Wednesday, August 27, 2008

Bulimia food addiction: what part of the brain is responsible and how

Bulimia (bulimia nervosa) is an addictive eating disorder which begins
with physical cravings then evolves into a mental obsession and finally
turns into a spiritual illness. It usually comes from an unresolved
trauma (emotional, psychological or even physical) earlier in life.

The question is what is the mechanism of developing a bulimic food
addiction? What happens in a bulimic brain when she/he develops bulimia?

Here is the short and simple explanation. Our brain consists of two
halves (called hemispheres). Both hemispheres are covered by a thick
layer called the cortex. The cortex is the conscious part of the brain,
the part we think with (just logic thinking). But this part of the
brain is not responsible for our feelings.

We have another small part of our brain, which lies between the two
hemispheres and connects them. This little part is called the limbic
system. The limbic system as discussed in the next section, is involved
in regulating emotions and motivations. In addition, parts of the
limbic system, the amygdala and hippocampus, are important for memory.

The limbic system does not have a conscious thoughts it has only feelings.
In other words, the limbic system is what we call our subconscious
or subconscious mind.

It has been found that people with emotional problems have an imbalance
of the limbic system or subconscious. This includes problems like anxiety,
depression, eating disorders, alcoholism and other addictions.

In the period of acute stress, we also have an imbalance in the limbic
system (or subconscious) - that is why stress affects us, not only
emotionally, but mentally and physically as well.

After stress, some people recover quickly - and we call them "strong people."
What "strong" actually means is that they know how to affect their limbic
system (subconscious) and put it in balance.

The question is: how to influence the limbic system and put it in the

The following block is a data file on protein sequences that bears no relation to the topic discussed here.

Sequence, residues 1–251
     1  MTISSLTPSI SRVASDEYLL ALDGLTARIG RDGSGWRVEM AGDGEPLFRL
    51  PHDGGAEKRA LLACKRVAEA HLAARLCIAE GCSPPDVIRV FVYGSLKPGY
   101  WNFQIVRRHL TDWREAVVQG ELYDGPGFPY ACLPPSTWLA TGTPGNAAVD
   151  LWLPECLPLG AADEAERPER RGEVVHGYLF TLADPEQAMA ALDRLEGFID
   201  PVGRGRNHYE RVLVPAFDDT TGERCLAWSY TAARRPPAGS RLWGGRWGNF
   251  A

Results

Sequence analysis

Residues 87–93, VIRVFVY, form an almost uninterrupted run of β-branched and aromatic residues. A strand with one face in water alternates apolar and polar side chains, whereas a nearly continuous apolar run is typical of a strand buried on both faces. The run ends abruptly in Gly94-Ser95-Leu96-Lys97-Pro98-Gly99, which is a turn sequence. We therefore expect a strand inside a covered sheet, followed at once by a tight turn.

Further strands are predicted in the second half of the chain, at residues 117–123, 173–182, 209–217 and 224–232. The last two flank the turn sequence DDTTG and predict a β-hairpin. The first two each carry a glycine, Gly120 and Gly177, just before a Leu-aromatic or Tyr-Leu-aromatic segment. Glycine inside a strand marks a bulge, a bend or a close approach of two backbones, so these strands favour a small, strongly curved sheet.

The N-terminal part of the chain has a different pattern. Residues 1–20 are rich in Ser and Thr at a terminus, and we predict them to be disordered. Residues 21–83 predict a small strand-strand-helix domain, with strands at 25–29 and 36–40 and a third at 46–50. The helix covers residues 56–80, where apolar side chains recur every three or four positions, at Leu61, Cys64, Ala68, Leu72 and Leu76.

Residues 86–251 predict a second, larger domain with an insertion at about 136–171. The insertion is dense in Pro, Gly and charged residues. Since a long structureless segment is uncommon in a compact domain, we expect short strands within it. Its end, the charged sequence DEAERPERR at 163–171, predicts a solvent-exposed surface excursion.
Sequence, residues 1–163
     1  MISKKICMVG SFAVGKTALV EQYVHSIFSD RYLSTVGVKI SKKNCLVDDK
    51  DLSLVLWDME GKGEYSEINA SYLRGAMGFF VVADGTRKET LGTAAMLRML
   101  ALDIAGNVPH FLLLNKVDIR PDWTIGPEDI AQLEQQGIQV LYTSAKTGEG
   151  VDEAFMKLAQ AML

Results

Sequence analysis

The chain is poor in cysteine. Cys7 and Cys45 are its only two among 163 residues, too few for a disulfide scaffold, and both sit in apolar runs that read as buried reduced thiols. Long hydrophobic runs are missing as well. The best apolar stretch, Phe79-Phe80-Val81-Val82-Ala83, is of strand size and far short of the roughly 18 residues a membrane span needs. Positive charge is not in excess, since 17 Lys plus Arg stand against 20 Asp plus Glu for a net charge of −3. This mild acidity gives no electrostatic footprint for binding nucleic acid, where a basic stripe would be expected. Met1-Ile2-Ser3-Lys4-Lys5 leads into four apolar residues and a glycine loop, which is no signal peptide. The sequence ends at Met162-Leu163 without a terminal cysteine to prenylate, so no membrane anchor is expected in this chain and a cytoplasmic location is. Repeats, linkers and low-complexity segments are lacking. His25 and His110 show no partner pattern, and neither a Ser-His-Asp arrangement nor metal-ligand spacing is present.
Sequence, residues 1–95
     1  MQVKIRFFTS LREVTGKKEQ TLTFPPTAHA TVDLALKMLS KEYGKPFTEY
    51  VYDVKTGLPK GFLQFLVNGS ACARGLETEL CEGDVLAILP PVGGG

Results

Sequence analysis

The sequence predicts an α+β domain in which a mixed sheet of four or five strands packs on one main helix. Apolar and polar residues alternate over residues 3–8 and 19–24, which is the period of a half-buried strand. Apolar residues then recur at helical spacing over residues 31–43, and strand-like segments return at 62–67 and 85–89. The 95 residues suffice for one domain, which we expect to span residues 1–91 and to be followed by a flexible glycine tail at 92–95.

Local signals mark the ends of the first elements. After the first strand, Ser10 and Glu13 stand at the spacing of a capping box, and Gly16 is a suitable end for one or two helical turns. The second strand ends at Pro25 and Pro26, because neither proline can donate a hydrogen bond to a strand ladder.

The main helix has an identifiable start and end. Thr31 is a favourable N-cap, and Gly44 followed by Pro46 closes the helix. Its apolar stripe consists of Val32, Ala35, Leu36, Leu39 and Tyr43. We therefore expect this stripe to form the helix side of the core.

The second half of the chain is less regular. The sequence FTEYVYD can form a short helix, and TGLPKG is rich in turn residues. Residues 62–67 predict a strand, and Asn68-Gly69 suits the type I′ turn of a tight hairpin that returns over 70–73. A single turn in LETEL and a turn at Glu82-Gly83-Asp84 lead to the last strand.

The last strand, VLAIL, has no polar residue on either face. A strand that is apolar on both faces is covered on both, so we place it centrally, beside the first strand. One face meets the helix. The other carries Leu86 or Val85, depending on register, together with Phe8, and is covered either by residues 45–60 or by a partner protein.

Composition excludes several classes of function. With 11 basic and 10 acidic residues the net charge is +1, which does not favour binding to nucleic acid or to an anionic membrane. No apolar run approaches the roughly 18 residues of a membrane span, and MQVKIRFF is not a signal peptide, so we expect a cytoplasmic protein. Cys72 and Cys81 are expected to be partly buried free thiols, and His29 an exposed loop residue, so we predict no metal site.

right balance?

The answer is: the cortex, which is the conscious part of the brain
and through this we have influence over the limbic system the non-conscious
part. The cortex, which makes decisions for us, learns new things, and
understands things for us, should influence the non-conscious part of
the brain by giving signals to the limbic system to work differently.

Most eating disorders are a learned behavior. Initially you taught
yourself to diet, or to become slim. Initially it was your own conscious
decision to lose weight because you wanted to look better. This conscious
decision was made by your cortex and sent to your limbic system, which
then gave you feelings (like feeling good about yourself when you
become slim).

So, what you need to do is reverse this faulty teaching; you (or your cortex)
should make another decision (about changing your own image and feelings
that you have now, like starving yourself or purging, back to a normal
response) and send a signal to your limbic system to foster good
feelings about yourself and make new decision about your life.

How do you do this? There are lots of examples how this works. There
are special new programs that can automatically affect the limbic
system of your brain (the part of the brain where the eating disorder lives).
These programs can identify and eliminate your subconscious blockages
that created your eating disorder in the first place.

To conclude, bulimia food addiction develops as a result of subconscious
processes due to unresolved trauma or strong dissatisfaction with one's
body image. The limbic system is responsible for developing the problem
but the conscious part of the brain (cortex) can affect it and reverse
the abnormal mental process.

To learn more how to do this read

1 comment:

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